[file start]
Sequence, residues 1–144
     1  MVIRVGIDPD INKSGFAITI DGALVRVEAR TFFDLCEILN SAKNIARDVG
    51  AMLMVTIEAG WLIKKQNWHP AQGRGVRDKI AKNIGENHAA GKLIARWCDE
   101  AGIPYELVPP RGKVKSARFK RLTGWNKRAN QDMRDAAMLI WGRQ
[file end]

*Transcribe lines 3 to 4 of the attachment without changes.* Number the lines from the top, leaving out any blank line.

    51  AMLMVTIEAG WLIKKQNWHP AQGRGVRDKI AKNIGENHAA GKLIARWCDE
   101  AGIPYELVPP RGKVKSARFK RLTGWNKRAN QDMRDAAMLI WGRQ